Fries was also involved in a number of other publishing ventures including a description of an astrolabe, speculations about the conjunction of Saturn and Jupiter, an annual booklet of prognostications and a revision of Waldseemuller’s “Carta Marina” in multiple sheets.
Robert W. Karrow Jr., Mapmakers of the Sixteenth Century and Their Maps, pp. 191-204.
William Faden (1749-1836) was perhaps the leading English map-maker and publisher of his time.
Faden was not quite born into the map-trade as such, but his father, also William, was a Fleet Street printer. Having been apprenticed to the engraver James Wigley from 1764 the younger Faden really came to prominence when he joined the Thomas Jefferys family partnership after the death of Jefferys himself in 1771. Jefferys had been the leading publisher working in London at this time. He had earned a reputation for large-scale maps of the English counties and detailed maps of the British colonies abroad – maps from his “American Atla”s or “The West-India Atlas” remain highly sought-after today. In many cases Jefferys had acted, in an unofficial capacity, as map-maker to the various branches of the British Government, including the Colonial Office, and was Geographer to King George III. Consequently, his maps were often based on the most up-to-date and accurate survey work available, hence their great importance.
Following Jefferys’ death Faden continued the business, proving himself to be Jefferys’ equal as a map-maker, and more astute as a business man. Faden was appointed Geographer to George III in 1783, the same year that he was able to assume full control in the business as a result of his father’s will. Like Jefferys’ maps before, there was an official quality to Faden’s publishing achievements.
Faden made his name during the American War of Independence, when he published numbers of maps of the individual colonies, the general theatres of war, and plans of the major battles. Government departments were grateful recipients of Faden’s maps – they knew they would be accurate and up-to-date, based on the most recent surveys where available.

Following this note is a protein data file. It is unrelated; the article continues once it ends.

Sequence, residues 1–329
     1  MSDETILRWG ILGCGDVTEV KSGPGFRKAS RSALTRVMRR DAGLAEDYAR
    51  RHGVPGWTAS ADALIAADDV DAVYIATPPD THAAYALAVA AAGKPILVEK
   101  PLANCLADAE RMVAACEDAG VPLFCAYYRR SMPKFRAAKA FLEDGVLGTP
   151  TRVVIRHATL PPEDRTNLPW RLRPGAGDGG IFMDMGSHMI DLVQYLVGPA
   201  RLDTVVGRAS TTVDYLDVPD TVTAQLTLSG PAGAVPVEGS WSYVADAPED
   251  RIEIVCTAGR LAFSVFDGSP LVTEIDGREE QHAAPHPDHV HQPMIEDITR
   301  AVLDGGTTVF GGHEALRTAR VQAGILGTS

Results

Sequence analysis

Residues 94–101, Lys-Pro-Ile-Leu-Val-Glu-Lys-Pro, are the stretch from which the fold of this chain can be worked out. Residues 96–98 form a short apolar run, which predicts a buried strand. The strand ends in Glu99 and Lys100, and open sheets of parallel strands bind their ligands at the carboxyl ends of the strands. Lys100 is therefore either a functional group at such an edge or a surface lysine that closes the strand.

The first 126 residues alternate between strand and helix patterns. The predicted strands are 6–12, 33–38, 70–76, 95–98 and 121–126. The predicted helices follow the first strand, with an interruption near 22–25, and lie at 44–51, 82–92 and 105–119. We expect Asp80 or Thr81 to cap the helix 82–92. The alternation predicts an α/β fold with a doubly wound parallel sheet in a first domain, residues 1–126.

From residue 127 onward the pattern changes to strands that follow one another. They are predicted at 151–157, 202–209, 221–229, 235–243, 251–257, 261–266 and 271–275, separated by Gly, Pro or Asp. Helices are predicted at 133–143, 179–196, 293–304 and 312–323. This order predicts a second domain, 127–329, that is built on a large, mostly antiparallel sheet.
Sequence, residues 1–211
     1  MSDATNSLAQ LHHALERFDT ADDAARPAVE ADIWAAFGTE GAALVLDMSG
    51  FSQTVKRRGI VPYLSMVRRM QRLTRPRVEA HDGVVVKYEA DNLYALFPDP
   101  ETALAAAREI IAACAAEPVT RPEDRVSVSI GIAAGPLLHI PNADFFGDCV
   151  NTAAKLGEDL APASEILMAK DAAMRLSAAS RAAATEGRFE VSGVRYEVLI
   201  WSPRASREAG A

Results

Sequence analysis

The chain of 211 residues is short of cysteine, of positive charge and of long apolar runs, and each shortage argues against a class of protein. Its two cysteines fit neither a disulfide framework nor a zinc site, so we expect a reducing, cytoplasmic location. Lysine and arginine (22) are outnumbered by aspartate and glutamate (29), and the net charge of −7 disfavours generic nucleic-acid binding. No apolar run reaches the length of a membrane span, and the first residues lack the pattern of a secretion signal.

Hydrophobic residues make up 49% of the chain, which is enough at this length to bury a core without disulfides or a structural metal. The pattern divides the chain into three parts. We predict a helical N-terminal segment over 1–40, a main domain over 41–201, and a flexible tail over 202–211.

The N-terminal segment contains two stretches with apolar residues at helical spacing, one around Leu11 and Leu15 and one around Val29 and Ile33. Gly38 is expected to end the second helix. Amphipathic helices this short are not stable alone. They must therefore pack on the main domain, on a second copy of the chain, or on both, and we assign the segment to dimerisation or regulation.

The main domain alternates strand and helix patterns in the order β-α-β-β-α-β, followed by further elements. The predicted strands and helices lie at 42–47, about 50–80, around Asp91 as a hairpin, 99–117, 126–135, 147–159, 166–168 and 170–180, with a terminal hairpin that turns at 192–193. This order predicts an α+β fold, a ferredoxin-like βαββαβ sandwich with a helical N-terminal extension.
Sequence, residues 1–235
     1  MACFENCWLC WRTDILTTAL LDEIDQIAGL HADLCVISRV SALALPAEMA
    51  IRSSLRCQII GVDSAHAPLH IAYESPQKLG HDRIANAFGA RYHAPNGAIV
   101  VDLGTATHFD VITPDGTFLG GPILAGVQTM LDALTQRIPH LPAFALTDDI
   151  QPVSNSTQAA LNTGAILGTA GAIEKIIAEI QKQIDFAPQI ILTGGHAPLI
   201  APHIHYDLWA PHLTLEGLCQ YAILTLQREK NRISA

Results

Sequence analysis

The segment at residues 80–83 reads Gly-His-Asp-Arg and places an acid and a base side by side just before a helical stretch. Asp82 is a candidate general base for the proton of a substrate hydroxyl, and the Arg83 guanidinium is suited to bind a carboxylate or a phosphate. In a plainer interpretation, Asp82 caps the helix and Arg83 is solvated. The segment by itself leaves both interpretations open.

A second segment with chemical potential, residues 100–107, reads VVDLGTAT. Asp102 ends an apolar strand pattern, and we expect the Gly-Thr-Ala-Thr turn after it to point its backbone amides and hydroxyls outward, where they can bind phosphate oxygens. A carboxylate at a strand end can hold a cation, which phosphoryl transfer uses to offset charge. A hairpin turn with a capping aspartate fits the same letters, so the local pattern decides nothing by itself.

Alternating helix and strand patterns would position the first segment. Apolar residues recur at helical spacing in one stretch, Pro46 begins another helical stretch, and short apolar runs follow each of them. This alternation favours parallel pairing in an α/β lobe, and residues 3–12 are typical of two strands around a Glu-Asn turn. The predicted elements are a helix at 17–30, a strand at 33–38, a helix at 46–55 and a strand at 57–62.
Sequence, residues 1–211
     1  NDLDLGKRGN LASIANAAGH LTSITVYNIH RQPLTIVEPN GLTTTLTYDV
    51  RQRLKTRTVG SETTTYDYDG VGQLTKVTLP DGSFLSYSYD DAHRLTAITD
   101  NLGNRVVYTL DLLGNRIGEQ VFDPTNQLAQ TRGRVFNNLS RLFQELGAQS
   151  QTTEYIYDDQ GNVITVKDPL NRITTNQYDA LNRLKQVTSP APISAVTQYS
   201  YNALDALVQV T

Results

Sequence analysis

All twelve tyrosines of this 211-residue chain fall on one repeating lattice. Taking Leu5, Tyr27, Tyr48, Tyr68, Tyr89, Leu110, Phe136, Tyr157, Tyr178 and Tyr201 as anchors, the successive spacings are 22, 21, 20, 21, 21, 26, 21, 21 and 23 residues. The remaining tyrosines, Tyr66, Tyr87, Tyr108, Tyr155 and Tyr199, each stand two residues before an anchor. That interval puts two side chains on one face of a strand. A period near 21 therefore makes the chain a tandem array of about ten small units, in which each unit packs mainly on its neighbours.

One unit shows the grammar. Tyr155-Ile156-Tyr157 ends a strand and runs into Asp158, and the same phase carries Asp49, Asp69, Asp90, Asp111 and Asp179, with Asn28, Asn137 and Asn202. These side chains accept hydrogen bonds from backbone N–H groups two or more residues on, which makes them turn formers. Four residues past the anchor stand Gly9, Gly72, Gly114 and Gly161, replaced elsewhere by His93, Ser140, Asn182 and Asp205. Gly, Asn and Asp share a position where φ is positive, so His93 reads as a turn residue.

Faden is also known to have published the first Ordnance Survey map; this was of Kent, surveyed by Mudge and published by Faden in 1801.
An important contributor to cartographic heritage.
Elizabeth M Rodger, The Large Scale County Maps of the British Isles 1596-1850 A Union List, Introduction.
Laurence Worms, ‘William Faden’ in the Dictionary of National Biography.
The GOOS FAMILY
Abraham Goos (c.1590-1643) was an Amsterdam engraver, mapseller, cartographer and publisher and father to Pieter Goos (161501675), who also assumed his father’s professions. Abraham’s family links to the map trade were undeniable – he was the nephew of Pieter van den Keere and Collette van den Keere (who married Jodocus Hondius).
Abraham worked with many of the members of his extended family as well as Johannes Jansonnius. He published globes with Pieter van den Keere and also engraved Americae Nova Descriptio for him. He also replaced the worn plate for ‘The Kingdom Of England’ in John Speed’s “Theatre Of The Empire Of Great Britaine” for the 1632 and subsequent editions.
Pieter Goos, Abraham’s son and successor, was perhaps the most active member of the family. In 1650 he acquired the plates to Jacobsz’s mariner’s guide, “De Lichtende Columne Ofte Zee-Spiegel”. Pieter re-issued this work in numerous editions and also produced English editions in 1667, 1668, 1669 and 1670 – the many editions of this work prove its popularity with the consumer public and the charts are recognisable today as being of a high standard.
Pieter’s other works were also maritime based and also often extended to numerous editions in several languages. The “Zee-Atlas Ofte Water-Wereld” by Pieter Goos was first published in 1666 – many of the charts were based on those of Hendrik Doncker and the concept for a sea atlas was not original. However, this work was also well received by the public.
I.C.Koeman, Atlantes Neerlandici Volume IV, pp.192-217.
Archibald Fullarton and Company was one of the leading publishers working in Glasgow, Scotland in the second quarter of the nineteenth century. One part of the company’s prolific output was a number of atlases, and books containing maps.
Fullarton’s popular gazetteer of England and Wales, “Fullarton’s Parliamentary Gazetteer Of England And Wales” illustrated with a series of finely engraved maps of the counties, is notable for the clarity of presentation, despite the limited size.
The atlas records the changes made in the Great Reform Bill, which set out the basis of Britain’s modern parliamentary constituencies. The gazetteer went through numbers of editions, with the maps revised and up-dated. Some of the maps were engraved for Fullarton by Robert Scott, who incorporated an attractive vignette views inside the map border.
Thomas Jefferys (1719-1771) was one of the leading English publishers of the eighteenth century. His career was distinguished and placed him at the forefront of cartographical endeavours at this time.